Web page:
Academic journal article Journal of International Women's Studies

Pathologizing the Female Body: Phallocentrism in Western Science

Academic journal article Journal of International Women's Studies

Pathologizing the Female Body: Phallocentrism in Western Science

Article excerpt

A woman's body reaches to the end of the world Deeper than any meaning, further than what she knows, Long, endless, yearning, unappeasable, profounder Than our touches, unconquerable, never to be mastered--

Theodore Holmes "Woman's Body"

Introduction

The history of the human body is, as Michel Feher states, a field where life and thought intersect (11). It is a locus that reflects the laws and prohibitions of different cultures at different times. As such, it is the point of inscription for a civilization's norms relative to the individual in society, the relationships between the sexes, and the hierarchy of order. The history of the human body is also the history of medical research, political activism, and labor relations and, as Snezhana Dimotrova notes, "the history of institutions such as marriage, family, army, school, etc., which impose the ruling values" (19). To trace the evolution of the human body as it has been conceived and conceptualized at different times in different places is to trace the evolution of human culture in general. To trace the evolution of the female body as it has been compared and contrasted with the male body down through the ages is to reveal not only the prevailing ideologies of woman as she has been envisioned throughout the centuries in various societies, but likewise to trace the changing status of women and the patriarchal reactions to these changes.

To explore what Sondra Farganis designates the "phallocentric construction of sexuality," this investigation exhibits how for most of Western history, woman--and more specifically, the female body--was conceptualized on the basis of masculine parameters that defined her not relative to a normative standard for woman, the female body or female sexuality but rather relative to a normative standard for man, his body and his sexuality. Limiting my research to Western culture, this study demonstrates how science, and in particular biomedical science, was used and misused to uncover "facts" of woman's inferiority in order to legitimize male superiority and maintain male authority. To underscore this myopic reading of experiential research and data, this examination illustrates that, while professing to be a neutral searching for empirical truth, Western science was indeed quite biased as it was dominated by men, shaped by men, and hence reflecting the ideals, the desires and the fears of men.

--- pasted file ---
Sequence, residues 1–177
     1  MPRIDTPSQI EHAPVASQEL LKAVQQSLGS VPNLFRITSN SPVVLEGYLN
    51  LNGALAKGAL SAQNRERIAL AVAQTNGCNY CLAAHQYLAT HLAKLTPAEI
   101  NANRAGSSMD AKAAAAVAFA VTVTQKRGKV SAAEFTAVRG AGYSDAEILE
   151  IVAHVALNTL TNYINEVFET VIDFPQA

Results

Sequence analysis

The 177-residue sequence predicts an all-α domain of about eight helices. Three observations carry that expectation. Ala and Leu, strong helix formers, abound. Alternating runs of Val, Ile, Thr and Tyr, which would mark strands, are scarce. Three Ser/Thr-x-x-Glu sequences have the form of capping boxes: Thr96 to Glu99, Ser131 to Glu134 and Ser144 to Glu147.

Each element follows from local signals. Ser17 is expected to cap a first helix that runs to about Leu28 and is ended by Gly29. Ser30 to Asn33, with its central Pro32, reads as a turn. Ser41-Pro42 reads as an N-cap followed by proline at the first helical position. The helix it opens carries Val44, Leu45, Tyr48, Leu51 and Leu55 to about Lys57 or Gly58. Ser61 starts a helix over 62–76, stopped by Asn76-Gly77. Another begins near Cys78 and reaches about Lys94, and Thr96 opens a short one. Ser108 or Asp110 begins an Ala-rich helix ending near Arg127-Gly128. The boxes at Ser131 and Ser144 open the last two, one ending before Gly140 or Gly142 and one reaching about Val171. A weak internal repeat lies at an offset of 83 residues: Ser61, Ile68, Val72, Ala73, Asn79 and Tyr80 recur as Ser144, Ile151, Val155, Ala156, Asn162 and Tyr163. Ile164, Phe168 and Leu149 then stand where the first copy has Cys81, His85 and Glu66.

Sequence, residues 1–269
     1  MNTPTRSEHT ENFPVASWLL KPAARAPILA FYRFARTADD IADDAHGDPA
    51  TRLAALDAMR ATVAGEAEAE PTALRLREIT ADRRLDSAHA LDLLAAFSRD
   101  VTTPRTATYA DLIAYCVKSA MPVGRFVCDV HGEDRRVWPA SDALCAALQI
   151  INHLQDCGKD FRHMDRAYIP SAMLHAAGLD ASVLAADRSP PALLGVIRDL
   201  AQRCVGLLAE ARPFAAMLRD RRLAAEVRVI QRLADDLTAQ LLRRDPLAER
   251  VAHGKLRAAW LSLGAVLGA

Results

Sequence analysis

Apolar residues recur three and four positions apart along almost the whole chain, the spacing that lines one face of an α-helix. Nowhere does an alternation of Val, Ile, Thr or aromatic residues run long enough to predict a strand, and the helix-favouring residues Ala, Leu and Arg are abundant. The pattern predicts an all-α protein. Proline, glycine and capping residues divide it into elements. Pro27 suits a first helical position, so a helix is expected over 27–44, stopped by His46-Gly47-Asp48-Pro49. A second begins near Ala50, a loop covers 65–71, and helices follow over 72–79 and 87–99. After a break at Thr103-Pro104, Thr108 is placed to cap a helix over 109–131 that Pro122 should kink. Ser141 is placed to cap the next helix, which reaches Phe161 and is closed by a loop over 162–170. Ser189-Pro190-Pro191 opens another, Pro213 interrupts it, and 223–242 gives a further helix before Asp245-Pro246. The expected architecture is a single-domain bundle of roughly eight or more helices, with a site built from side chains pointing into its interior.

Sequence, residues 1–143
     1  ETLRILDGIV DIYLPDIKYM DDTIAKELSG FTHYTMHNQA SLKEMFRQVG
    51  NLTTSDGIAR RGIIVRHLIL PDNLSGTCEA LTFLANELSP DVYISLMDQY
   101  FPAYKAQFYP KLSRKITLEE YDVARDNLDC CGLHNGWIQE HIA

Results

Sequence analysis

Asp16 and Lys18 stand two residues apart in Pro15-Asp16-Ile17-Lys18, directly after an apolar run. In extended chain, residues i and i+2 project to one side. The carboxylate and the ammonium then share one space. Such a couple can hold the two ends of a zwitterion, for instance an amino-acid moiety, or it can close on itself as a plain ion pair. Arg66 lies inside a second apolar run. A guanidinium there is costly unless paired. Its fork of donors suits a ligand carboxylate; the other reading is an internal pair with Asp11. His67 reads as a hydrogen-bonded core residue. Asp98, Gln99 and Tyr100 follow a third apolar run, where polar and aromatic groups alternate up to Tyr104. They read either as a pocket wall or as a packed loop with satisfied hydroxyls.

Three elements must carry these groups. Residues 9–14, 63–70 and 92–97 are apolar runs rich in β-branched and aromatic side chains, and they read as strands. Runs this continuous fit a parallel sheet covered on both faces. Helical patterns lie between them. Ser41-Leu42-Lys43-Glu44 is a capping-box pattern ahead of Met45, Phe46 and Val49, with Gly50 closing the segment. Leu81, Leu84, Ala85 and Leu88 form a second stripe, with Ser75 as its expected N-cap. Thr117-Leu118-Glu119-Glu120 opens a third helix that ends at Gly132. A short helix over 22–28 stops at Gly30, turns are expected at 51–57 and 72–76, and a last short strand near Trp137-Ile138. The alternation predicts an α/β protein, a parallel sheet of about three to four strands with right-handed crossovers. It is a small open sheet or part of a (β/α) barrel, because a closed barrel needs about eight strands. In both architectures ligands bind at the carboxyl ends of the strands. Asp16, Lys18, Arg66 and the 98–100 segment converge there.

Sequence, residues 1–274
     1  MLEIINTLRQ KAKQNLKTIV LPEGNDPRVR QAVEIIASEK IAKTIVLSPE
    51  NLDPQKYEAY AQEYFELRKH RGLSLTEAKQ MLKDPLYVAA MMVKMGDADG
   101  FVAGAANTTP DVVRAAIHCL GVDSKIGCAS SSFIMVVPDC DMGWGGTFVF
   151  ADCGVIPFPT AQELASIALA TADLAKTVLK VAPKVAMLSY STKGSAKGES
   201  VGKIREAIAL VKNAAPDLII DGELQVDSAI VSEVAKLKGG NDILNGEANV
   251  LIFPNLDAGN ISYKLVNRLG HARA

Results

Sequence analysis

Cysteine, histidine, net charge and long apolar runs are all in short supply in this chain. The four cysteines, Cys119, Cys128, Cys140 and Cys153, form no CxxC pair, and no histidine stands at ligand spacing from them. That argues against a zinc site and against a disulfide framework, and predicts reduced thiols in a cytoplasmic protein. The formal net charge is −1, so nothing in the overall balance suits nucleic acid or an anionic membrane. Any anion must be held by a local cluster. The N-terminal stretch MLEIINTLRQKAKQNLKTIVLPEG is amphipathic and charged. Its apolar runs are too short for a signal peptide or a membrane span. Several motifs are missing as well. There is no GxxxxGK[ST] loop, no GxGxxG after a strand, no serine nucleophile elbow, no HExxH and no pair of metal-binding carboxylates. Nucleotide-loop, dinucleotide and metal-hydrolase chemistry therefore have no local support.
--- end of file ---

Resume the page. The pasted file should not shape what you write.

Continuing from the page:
In his well-known work Making Sex, Thomas Laqueur contends that the conception of human sexuality evolved from the ancient Greeks' one-sex model to modernity's two-sex model as events surrounding the French Revolution prompted a desire to see difference and therefore a need to create difference. In particular, Laqueur argues that it was the struggle for power between those advocating enfranchisement for women and those opposed to this which led to the reconstitution of the human body and in particular the female body. Extrapolating on Laqueur's assertion that the female was conceived as an inferior version of the male in Antiquity and an opposite but complementary version of the male in the Enlightenment, this work demonstrates how, by the late nineteenth century, woman came to be designated not only the opposite of man--physically, intellectually and morally--but then also opposing man. Expanding the scope of Laqueur's research to encompass additional fields of scientific inquiry, this study reveals to what extent men of science (mis)read the findings in their respective fields in order to maintain their control of power and of women. Using numerous primary sources, This analysis illustrates how the scientific abstraction and obstruction of woman at the end of the nineteenth century led to yet another reconstitution of the female body--this time a pathologizing and criminalizing that branded "unruly" women as sexual deviants and social miscreants.

A Brief History of the Human Body: The Single-Sex Model

The human body has not always been neatly categorized into the two binary sexes we now identify. …

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